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New Report Unpacks Taiwan's Covid-19 Success

Taiwan’s relative success against Covid-19 makes it a great candidate for connections with New Zealand after lockdown, according to a new report from The New Zealand Initiative.

As New Zealand prepares to downgrade to Alert Level 2, the Government will be keen to find other Covid-free countries to help restart the Kiwi economy.

Last week, deputy prime minister and NZ First leader Winston Peters publicly supported Taiwan’s bid to be accepted into the World Health Organisation. Taiwan’s foreign ministry has called on the WHO to “cast off” China’s control of it during the Covid-19 pandemic, complaining of barriers in handling the virus within its own borders.

Earlier this month, the New Zealand Government also suggested including Taiwan in its proposed “travel bubble” along with Australia. The system would mean travelers moving between the three countries would not need to go into 14-day quarantine on arrival.

Despite being geographically close to the initial coronavirus outbreak in China, the Initiative’s research assistant Leonard Hong said Taiwan may soon be relatively Covid-19 free.

“Taiwan is one of the few countries to ‘flatten the curve’ of Covid-19 without a national lockdown. New Zealand has much to learn from the East Asian state as it is moving into Alert Level 2.”

Hong points to Taiwan’s previous experience with the SARS outbreak in 2003 as partially responsible for its effective containment this time around.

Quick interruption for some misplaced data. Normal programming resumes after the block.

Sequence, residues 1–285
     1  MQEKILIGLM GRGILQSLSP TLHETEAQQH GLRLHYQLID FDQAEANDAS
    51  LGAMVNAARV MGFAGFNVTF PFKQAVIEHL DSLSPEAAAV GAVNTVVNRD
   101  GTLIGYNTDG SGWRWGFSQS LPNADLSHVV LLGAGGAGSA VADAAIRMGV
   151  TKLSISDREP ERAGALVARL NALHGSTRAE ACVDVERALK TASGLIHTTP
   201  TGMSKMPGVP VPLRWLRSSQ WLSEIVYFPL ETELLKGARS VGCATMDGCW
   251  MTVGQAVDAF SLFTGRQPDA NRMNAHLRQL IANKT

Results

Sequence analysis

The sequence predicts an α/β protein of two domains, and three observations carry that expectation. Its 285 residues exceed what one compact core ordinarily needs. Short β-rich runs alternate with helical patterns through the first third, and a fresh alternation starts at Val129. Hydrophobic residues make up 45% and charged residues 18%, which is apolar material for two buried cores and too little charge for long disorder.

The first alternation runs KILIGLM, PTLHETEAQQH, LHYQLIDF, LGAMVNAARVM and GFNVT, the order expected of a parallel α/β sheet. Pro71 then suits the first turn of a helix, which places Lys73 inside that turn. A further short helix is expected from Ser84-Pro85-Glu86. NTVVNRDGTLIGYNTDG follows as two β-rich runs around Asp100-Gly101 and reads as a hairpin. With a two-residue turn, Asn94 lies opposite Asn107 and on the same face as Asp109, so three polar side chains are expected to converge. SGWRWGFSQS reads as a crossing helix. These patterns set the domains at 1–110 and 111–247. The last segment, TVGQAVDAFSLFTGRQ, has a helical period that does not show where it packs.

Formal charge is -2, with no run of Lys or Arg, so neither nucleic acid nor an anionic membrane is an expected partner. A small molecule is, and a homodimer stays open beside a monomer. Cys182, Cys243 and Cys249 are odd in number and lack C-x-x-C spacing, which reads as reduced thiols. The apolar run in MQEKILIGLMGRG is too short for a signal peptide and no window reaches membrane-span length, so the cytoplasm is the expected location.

Although SARS didn’t cripple Taiwan’s citizens or economy (of the 131,000 quarantined in 2003, only 346 were confirmed as SARS cases) the outbreak spooked the Taiwan Government into building better health infrastructure to prepare for future pandemics.

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It invested heavily in new patient screening technology, checks at airports, training for front-line medical staff and even altered its legislation to allow for faster crisis response.

“Its early border restrictions meant Taiwan has maintained an open domestic economy throughout this new coronavirus crisis."

“Rather than mass testing, Taiwan focused on people moving through its ports of entry, beginning well before the first case was spotted on the island. Indeed, it began targeted checks on December 31 last year,” Hong said.

He also highlights that Taiwan’s vice president is a trained epidemiologist and served as Minister of Health during the 2003 SARS epidemic, which helps explain why the nation could enact an effective response to Covid-19.

Like peer East Asian states Singapore and South Korea, Taiwan has created a robust contact tracing and monitoring system to deal with the coronavirus so it can understand where infected people are located, and when they breach quarantine. It has proposed major fines for when they do.

As of May 10, Taiwan only has 73 active cases and 366 recoveries from a total of 438 confirmed cases. It also has a low case fatality rate (CFR) of 1.3% or 1.36% deaths. Italy, Spain, the US and New Zealand have CFRs of 13.9%, 10.1%, 5.9% and 1.4%, respectively.

“The lack of dedicated epidemiological infrastructure in New Zealand prior to the Covid-19 outbreak put this country on the backfoot, and the low absolute numbers of cases here may have been what saved New Zealand’s healthcare system from being overloaded."

“Taiwan avoided major healthcare and economic pain for another reason: it was prepared. New Zealand should look closely at how the East Asian country achieved this and perhaps adopt some of its best ideas,” Hong said.

Read more:
Lessons from Abroad: Taiwan's Covid-19 Containment Model is available here.

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